SDHSAA to talk contact guidelines, reclassification

SDHSAA to talk contact guidelines, reclassification

  • Updated
High School Football

St. Thomas More head football Wayne Sullivan yells out instructions to his team last August during the first preseason team practice. State high school athletes are expected to be able to start working out for the fall beginning June 1 under SMAC guidelines, if approved Thursday by the South Dakota High School Activities Association.

The South Dakota High School Activities Association will hold a special teleconference meeting Thursday to talk about a proposed contact recommendations for summer athletics, and yet again discuss the football classification proposal.

The meeting will begin at 9 a.m. Mountain Time via Zoom. 

The NFHS Sports Medicine Advisory Committee (SMAC) released its guidance to states May 16, and the proposed SDHSAA guidance is taken from the  NFHS document, with feedback from members of the SDHSAA SMAC, including Dr. Verle Valentine of Sanford Health, who serves on the NFHS SMAC and assisted with the development of the NFHS document.

SDHSAA Summer 2020 Contact Recommendations

 This guidance is in effect from June 1 through July 31. This is subject to change based on current conditions. In addition, schools must also focus on the health of their students, coaches/advisors and other staff.

Phases of contact

 It is recommended that all schools/programs start at Phase One of this program and remain there for at least 14 calendar days. In keeping with Governor Kristy Noem’s “Back to Normal” plan, if there is a downward/flat trajectory of documented cases within a 14-day period, schools may progress to Phase Two, where a new 14-day period of tracking of cases should begin.

If there is another 14-day downward/flat trajectory of cases, schools may progress to Phase Three.

Sport/Activity Categories

• Lower Risk: Sports/activities that can be done with social distancing or individually with no sharing of equipment or the ability to clean the equipment between use by competitors. Such examples: golf, weight training, sideline cheer, individual running events, cross country running (with staggered starts), throwing events (shot put, discus, javelin), debate, oral interp.

• Moderate Risk: Sports/activities that involve close, sustained contact, with protective equipment in place that may reduce the likelihood of respirator sports/activities that use equipment that cannot be cleaned between participants. Such examples include: Basketball, volleyball, soccer, gymnastics, tennis, high/long jump, pole vault, 7 on 7 football, one-act play. (Note- tennis, volleyball, gymnastics, and track events could be considered “lower risk” with appropriate cleaning of equipment and use of mask by participants.)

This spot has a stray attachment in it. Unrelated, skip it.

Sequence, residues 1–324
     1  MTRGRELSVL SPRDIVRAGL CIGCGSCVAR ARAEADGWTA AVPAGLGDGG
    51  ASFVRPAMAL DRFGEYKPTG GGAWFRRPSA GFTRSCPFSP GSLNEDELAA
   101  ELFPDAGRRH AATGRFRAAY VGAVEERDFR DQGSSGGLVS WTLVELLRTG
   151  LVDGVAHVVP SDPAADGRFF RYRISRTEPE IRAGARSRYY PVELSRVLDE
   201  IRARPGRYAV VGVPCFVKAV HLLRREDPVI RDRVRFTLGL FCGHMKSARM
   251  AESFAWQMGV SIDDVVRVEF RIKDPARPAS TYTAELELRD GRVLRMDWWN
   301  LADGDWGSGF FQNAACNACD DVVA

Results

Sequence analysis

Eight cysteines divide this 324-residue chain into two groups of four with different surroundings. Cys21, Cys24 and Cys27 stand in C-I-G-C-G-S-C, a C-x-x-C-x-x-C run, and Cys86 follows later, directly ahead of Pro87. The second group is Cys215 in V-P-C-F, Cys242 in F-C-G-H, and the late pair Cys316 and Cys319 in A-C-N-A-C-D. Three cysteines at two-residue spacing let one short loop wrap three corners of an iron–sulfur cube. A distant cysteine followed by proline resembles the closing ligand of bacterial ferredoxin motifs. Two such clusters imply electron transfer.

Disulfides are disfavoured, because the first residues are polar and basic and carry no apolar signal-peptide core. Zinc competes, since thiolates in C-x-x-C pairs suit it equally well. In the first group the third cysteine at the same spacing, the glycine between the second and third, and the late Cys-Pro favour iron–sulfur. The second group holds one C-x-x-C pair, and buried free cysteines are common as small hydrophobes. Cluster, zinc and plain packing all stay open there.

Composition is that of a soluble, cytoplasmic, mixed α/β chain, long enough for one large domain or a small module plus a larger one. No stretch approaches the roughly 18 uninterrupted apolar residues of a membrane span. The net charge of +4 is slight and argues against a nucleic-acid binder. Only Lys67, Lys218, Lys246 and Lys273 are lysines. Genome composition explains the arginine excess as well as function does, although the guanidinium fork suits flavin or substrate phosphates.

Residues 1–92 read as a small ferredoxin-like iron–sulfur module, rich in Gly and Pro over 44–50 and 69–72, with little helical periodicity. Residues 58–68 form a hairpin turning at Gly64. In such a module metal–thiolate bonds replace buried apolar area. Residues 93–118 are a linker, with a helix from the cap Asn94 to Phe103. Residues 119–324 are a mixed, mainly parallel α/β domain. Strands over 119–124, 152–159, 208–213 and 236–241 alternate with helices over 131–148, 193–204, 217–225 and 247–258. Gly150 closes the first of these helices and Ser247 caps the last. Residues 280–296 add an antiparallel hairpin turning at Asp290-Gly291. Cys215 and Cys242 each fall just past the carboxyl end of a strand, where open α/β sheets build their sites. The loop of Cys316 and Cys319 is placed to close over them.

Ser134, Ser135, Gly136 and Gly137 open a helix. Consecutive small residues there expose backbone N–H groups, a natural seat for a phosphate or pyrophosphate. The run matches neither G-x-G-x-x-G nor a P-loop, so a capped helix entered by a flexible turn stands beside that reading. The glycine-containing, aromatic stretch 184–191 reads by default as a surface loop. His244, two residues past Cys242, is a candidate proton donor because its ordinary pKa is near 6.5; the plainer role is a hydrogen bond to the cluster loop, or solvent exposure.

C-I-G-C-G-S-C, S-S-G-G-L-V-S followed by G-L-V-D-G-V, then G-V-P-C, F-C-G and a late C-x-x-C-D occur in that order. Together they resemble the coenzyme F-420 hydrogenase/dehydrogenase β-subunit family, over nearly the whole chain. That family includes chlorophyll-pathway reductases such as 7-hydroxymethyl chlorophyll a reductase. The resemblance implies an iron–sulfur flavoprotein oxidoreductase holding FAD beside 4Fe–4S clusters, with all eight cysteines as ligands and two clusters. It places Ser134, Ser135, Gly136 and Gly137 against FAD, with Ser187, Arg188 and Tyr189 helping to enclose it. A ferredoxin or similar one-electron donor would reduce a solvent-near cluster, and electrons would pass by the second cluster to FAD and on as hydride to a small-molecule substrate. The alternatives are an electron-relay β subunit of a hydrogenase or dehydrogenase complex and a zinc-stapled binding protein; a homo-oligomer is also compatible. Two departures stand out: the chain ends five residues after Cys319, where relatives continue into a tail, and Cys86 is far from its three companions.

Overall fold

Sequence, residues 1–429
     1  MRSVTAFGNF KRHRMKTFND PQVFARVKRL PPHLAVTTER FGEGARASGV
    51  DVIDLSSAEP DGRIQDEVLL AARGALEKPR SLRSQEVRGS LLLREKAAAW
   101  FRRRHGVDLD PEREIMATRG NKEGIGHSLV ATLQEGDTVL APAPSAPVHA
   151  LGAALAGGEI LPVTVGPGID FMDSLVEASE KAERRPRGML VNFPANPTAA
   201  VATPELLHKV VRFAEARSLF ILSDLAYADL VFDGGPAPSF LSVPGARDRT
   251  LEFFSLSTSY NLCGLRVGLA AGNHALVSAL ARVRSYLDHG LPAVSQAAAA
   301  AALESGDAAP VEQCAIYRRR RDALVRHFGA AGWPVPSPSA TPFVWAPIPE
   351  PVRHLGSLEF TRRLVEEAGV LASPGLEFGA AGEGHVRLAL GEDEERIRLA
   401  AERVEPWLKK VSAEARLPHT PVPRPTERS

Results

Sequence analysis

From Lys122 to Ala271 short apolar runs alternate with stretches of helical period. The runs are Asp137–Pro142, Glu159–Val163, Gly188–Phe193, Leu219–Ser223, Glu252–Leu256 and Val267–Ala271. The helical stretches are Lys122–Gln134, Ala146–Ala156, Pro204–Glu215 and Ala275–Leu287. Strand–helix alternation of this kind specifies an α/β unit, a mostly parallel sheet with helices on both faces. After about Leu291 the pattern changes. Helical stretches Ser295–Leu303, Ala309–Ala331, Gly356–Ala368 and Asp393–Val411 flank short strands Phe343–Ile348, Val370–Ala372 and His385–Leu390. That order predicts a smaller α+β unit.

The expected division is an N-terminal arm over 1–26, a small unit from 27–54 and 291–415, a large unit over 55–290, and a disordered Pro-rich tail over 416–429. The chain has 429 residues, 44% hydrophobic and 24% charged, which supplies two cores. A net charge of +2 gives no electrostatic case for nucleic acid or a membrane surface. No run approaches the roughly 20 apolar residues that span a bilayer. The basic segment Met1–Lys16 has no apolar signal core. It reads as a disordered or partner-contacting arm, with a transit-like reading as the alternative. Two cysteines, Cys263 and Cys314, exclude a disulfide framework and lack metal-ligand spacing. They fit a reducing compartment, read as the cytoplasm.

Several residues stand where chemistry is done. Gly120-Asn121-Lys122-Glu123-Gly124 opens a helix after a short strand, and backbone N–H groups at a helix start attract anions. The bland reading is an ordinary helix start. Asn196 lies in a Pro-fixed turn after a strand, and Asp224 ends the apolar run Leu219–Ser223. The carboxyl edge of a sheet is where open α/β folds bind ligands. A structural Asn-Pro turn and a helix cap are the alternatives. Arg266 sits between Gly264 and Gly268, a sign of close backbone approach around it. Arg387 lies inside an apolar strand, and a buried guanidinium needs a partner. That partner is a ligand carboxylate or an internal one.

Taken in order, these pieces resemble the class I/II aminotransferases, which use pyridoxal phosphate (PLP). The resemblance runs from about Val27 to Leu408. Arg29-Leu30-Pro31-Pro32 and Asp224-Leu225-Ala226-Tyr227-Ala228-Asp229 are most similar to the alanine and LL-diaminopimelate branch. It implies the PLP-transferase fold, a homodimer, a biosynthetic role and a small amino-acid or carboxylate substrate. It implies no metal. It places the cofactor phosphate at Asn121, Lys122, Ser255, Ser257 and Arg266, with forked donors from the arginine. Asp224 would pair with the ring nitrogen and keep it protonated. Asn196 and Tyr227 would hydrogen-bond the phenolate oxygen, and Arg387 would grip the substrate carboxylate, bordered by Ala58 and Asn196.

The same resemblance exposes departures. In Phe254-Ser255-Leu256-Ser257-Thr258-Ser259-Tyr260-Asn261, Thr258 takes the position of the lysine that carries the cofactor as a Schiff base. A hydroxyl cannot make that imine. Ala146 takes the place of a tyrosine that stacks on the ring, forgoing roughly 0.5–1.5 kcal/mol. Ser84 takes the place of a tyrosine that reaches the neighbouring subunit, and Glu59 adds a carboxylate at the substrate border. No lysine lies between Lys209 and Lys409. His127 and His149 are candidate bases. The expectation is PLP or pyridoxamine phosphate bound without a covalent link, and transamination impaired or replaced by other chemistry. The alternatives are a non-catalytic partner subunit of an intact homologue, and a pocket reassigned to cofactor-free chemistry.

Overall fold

• Higher Risk: Sports/activities that involve close, sustained contact between participants with lack of significant protective barriers which creates a high probability that respiratory particles will be transmitted between participants . Those examples include: Football, wrestling and competitive cheer/dance.

Longtime St. Thomas More football coach Wayne Sullivan said that he knows people are frustrated about staying inside and not being able to do the things that are normal, so he is hopefull that it is time they can move forward.

"It's exciting that we can go out and get started, and kind of have some normalcy, get everybody going and moving forward," he said.

Sullivan said that back in the day when they started summer workouts, they could have one coach for every seven players, so that is what they have doing. It should fit in with the CDC guidelines.

"We'll be able to stay within regulation, because what it is nice is you get in with different quarterbacks, receivers and linemen, you break up in those groups," he said. "We'll be able to stay within the CDC guidelines and get after it."

Sullivan said that there is no limitations on how much they can workout other than only so many padded days. He said they will start with individual workouts, then break them up with linemen gatherings, quarterbacks and running backs.

Depending on the numbers, Sullivan still wants to get the annual passing league going again that he has run for the last 25 years.

"I'll have to figure that out through the state," he said. "This is something that we want to continue if we can, as long as we stay within what we're supposed to do. If not, we can do those things in-house, within our own team. It's also better to go against somebody else."

Sullivan said the Cavaliers plan to still go to the Chadron State College football camp July 13-15.

"We're still excited that we can go and find out what we need to do for our team, what we need to work on before August. Those camps are invaluable," he said.

Football Reclassification

The SDHSAA Football Advisory committee met earlier this month at the request of the  board of directors and decided upon the formation of a special committee to study football classifications. 

The panel discussed a variety of options, including delaying action for future years or modifying their original five-class proposal.

The panel decided to respond to the board of directors with the formation of a separate sub-committee. This group would include three representatives from each group, as well as individuals representing officials and Native American schools.

Their plan would be to meet in August and November, with the goal of making a formal proposal for adoption by the January 2021 SDHSAA board meeting.

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